Cost and method of translating a technical book into Farsi?
March 8, 2008 11:08 PM   Subscribe

How much would it cost to translate a large, highly technical computer book into Farsi (Persian)? What method would be best to accomplish this?

The book in question would be about 400 to 600 pages and consist of highly technical UNIX / computer networking material. About the same level of complexity as the current edition of an intermediate to advanced level O'Reilly TCP/IP, BIND or Linux book. Some of the books we are looking at translating are more technical and involve optical and/or RF theory, or other more specialized vertical industry knowledge which is much less common than intermediate level x86 Linux/BSD skill.

The technical concepts within the book would not be translated into Farsi - for example, we're not going to translate line by line the output of a 'dmesg' command on FreeBSD 6.3 into a foreign language. Unix concepts which have their own names in English and unix CLI stuff will remain in English. This would be similar to the way I have seen Japanese Linux/BSD software developers work, with the code, CVS and system operating in English while the documentation is in Kanji.

However all of the 'this is how you do this' part of the book would need to be translated. The descriptive sections talking about how, why and where a computer or networked set of computers are doing a particular thing, the whole narrative of the book. The skill of the English to Farsi translator would need to be of a fairly high level, to deal with abstract concepts and explanations of highly complex systems.

At first glance it seems like such a service performed within the boundaries of North America would be relatively expensive. Many of the native Farsi speakers who have the knowledge to translate such a book into Farsi are already employed full-time at another job, work for some 3-letter intelligence agency, or so on. I'm aware that Iran has an extremely young population compared to the rest of the world and a large number of unemployed (or underemployed) university students.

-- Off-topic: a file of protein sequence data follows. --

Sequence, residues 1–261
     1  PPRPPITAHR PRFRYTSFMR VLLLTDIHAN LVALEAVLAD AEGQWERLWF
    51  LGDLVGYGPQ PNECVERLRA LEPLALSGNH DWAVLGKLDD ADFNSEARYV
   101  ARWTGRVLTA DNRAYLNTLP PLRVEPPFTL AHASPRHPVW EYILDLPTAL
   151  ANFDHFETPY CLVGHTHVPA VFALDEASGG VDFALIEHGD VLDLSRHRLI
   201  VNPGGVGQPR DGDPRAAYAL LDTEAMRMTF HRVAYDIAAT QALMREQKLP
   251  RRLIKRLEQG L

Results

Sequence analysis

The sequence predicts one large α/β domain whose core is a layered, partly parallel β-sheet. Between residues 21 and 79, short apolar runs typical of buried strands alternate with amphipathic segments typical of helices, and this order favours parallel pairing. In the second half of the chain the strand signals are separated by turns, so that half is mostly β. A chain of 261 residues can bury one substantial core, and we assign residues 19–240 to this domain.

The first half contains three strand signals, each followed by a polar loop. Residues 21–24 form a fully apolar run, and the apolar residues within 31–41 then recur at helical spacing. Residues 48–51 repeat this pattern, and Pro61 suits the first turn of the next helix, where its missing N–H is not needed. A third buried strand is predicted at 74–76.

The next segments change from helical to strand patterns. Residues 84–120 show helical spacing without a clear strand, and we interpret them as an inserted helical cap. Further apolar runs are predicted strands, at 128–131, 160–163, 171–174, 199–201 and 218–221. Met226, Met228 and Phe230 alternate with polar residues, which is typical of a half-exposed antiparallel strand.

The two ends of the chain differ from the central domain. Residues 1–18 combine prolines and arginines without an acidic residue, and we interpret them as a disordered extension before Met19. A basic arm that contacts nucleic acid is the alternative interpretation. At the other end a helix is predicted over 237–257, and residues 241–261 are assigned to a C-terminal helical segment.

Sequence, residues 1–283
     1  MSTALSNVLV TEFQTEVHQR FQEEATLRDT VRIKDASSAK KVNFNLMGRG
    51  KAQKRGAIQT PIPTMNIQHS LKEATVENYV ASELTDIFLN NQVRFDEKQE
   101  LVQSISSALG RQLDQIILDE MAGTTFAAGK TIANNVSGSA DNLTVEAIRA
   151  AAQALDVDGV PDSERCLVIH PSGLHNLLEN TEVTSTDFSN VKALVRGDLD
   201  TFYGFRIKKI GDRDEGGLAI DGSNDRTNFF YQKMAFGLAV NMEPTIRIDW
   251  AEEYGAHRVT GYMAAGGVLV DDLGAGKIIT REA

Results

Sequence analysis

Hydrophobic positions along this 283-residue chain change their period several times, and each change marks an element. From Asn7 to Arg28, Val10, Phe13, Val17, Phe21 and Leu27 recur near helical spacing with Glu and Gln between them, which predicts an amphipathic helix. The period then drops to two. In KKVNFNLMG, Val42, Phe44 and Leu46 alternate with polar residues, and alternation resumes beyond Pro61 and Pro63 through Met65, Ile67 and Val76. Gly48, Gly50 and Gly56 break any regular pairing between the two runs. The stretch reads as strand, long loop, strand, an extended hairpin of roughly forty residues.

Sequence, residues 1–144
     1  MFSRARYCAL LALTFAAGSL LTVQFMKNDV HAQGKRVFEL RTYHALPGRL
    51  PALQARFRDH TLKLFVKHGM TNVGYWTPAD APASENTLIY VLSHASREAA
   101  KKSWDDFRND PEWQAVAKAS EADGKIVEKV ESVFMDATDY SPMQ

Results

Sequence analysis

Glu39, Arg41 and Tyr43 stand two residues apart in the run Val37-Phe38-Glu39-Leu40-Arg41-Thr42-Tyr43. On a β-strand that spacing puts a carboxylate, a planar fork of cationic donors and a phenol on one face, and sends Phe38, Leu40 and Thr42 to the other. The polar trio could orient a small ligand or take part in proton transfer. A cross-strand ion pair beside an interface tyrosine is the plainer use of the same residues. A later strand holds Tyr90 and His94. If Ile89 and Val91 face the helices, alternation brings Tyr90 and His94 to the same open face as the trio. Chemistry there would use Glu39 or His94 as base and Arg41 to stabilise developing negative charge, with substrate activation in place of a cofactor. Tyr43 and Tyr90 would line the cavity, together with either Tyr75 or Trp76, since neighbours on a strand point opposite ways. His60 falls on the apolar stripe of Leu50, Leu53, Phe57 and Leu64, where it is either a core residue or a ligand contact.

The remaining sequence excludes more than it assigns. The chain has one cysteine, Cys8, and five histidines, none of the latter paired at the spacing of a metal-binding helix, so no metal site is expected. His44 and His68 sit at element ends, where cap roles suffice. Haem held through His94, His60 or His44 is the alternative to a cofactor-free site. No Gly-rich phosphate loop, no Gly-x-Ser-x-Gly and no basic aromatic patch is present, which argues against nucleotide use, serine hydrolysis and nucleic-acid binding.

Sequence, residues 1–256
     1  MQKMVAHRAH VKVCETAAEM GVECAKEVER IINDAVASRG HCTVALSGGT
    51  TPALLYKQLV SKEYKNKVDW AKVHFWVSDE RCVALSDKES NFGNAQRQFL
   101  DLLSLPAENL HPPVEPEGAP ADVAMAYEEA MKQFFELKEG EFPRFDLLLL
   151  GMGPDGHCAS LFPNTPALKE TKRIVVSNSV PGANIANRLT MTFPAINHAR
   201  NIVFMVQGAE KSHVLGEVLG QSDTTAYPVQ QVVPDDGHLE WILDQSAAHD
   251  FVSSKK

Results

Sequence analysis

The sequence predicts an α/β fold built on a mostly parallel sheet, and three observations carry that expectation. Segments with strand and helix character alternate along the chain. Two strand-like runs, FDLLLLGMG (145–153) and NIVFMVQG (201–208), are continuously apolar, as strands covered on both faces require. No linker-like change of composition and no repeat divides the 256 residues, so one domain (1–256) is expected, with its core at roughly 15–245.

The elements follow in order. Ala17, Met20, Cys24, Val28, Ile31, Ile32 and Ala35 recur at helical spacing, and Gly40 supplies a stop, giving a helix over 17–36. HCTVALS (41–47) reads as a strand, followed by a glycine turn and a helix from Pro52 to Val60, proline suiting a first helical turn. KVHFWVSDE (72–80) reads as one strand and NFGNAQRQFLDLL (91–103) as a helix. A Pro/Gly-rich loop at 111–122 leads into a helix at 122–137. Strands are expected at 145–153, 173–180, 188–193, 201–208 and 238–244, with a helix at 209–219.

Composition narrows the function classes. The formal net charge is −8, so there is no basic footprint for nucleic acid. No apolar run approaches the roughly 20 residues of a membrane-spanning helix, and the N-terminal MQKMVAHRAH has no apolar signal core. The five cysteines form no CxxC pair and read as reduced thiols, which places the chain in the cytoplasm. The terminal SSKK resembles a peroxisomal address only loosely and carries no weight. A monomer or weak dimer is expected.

Can anyone estimate how much it would cost to hire a masters English student from a major school in Iran? Would doing something like this possibly be helpful towards their course credit or CV? Can anyone estimate the monthly salary for a relatively skilled English-speaking unix/routing/telecom geek inside Iran?
posted by thewalrus to Science & Nature (6 answers total) 1 user marked this as a favorite
I can't answer your immediate questions, but it might be difficult to hire these services of Iranians if you are American, regardless if your business operates within the United States or not.
posted by Blazecock Pileon at 11:24 PM on March 8, 2008

Response by poster: Oh, I did forget to mention, this would be performed by a European company... We're familiar with the US embargo, OFAC and Commerce Control List.
posted by thewalrus at 11:26 PM on March 8, 2008

We do similar things at work for English<>French. In an area where this service is common, we pay 25 to 40 cents (CAD) per word for translation. For official purposes (high quality translation), for a technical document, we'd pay something like $25k to $50k (CAD) for translation, editing and printing. In terms of time, a book of that length would take several months to translate. Start to finish, with editorial review, back and forth to the printers, etc... I would budget 9 to 12 moths for this kind of project.

Rule of thumb: it takes about as much time to translate as it does to write. You may be able to do this cheaper than commercial rates, but I doubt you could do it faster. Ideally, you want to hire a native Farsi speaker who is fluent in English, NOT the other way around. Also, in the best case, you'll want a second Farsi-speaker who can copy-edit the first.
posted by bonehead at 6:58 AM on March 9, 2008

Bonehead has it, although I think you could get it done in six months. I'm wondering if 25 to 40 cents covers project management costs, though.
posted by KokuRyu at 7:59 AM on March 9, 2008

As for contacting highly educated and underemployed Master's inside Iran, try running this query by the local Bahai centre in London.
posted by Wilder at 2:07 PM on March 9, 2008

KokuRyu, you're right about time---we normally have a peer review phase which adds 3-4 months. Half a year is probably doable. That 25 to 40 cents/word is translation only, not edited cop. The price range reflects turnaround and contractor variation. Surprisingly, price doesn't seem to indicate quality; our best guy is also our cheapest and fastest (but non-union).
posted by bonehead at 11:37 PM on March 9, 2008

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